When loved ones begin aging and developing serious health conditions, you may start considering their options for care.
Would a senior community, assisted living, or skilled nursing center be the best fit? Many people are familiar with the latter of the three, but what is skilled nursing?
Skilled nursing care is ideal for people who no longer need intensive treatment, such as what’s offered in a hospital. They do need focused, specialized, and around-the-clock treatment to care for health issues and ailments. This type of treatment can only be offered by a facility licensed to care for these types of conditions.
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A skilled nursing facility is also commonly referred to as a “nursing home.” It is highly specialized care for people with serious and debilitating conditions and illnesses. The care is provided by licensed, trained nurses who understand how to treat serious and complex health issues.
“Assisted living centers provide services for individuals to age in place,” explains Elaine Hatfield, Chief Nursing Officer of UPMC’s senior communities. “In a skilled nursing facility, the residents we admit are often more acutely ill than in the community setting. They may suffer from two or three chronic conditions.”
Many communities also offer specialized care for Alzheimer’s disease and dementia. These services may include memory support services to help deal with short-term memory loss, along with traditional nursing care.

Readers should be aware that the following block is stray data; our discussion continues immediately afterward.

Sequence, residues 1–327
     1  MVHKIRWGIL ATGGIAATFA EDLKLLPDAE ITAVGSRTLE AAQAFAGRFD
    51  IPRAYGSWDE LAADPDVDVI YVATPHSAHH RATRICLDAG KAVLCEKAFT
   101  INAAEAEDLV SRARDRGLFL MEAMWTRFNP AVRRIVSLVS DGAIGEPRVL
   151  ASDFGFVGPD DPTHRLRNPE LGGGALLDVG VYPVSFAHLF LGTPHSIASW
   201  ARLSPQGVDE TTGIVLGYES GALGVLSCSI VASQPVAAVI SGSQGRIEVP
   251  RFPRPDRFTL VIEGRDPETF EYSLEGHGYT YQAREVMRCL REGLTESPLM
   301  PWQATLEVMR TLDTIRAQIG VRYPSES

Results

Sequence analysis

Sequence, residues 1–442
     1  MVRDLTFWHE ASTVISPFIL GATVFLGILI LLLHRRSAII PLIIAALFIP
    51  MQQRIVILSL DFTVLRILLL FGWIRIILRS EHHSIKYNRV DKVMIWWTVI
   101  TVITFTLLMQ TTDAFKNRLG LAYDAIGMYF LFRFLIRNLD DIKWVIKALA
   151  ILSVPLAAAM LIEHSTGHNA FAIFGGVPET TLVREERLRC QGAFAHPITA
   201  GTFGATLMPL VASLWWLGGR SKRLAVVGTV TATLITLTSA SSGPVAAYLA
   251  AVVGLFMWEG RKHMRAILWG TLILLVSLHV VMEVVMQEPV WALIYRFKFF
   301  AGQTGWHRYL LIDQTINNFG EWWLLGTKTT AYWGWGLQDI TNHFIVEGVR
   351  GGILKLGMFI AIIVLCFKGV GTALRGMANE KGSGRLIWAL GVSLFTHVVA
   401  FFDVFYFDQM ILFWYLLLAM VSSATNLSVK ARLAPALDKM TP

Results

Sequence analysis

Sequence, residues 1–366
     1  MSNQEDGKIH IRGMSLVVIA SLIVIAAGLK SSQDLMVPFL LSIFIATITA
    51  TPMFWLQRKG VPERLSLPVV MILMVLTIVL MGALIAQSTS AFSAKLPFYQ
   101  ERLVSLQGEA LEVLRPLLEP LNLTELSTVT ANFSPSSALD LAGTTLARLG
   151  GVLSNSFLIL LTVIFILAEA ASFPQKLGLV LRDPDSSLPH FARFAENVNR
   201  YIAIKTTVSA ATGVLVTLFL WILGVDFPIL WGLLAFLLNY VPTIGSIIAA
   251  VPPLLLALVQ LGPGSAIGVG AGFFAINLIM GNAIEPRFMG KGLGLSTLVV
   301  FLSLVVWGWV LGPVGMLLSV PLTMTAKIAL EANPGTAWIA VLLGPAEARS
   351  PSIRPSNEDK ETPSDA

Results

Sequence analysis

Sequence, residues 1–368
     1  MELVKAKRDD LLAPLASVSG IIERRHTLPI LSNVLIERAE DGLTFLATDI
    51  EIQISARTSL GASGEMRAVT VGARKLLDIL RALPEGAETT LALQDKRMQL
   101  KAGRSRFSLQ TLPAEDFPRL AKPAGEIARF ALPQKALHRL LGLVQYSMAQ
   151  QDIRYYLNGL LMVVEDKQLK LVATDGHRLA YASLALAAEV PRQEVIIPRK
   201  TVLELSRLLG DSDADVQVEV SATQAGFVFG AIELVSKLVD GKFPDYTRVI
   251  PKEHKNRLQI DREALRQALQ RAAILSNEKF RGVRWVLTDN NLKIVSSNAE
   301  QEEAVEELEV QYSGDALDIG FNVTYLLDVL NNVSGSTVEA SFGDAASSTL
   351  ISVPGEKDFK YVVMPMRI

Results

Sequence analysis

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Assisted Living or Skilled Nursing
A common misconception is that assisted living centers are the same as skilled nursing centers. While assisted living may offer a higher level of care than an independent living senior community, assisted living is for people who don’t need constant help. People in assisted living centers are capable of handling their day-to-day care and activities with moderate support.
Skilled nursing offers constant care, a high level of supervision, and an extremely high level of specialized medical care to treat each person’s specific disease, condition, injury, or illness. Skilled nursing facilities are also, Hatfield says, “under the direction of a physician, require 24-hour nursing services, and may resemble a medical/surgery ward of a hospital.”
In skilled nursing facilities, registered nurses are on duty 24 hours a day. The care must be administered by a medical professional who is trained and licensed to treat a variety of serious conditions in a highly specialized medical environment.
Who Is a Good Fit?
People who most benefit from skilled nursing facilities are those who have complex health issues, such as sensitive or difficult wound dressings. They may need rehabilitation after an illness or injury or surgery. Those who require complex medications are often referred to skilled nursing care. This person may need multiple rounds of medications, injections, or tube feedings. “A doctor has to admit someone to a skilled nursing facility,” says Hatfield. “A medical evaluation must be completed to determine if the patient meets the criteria for care.” Often patients come to skilled nursing following a hospitalization and most times return home after a rehabilitative stay.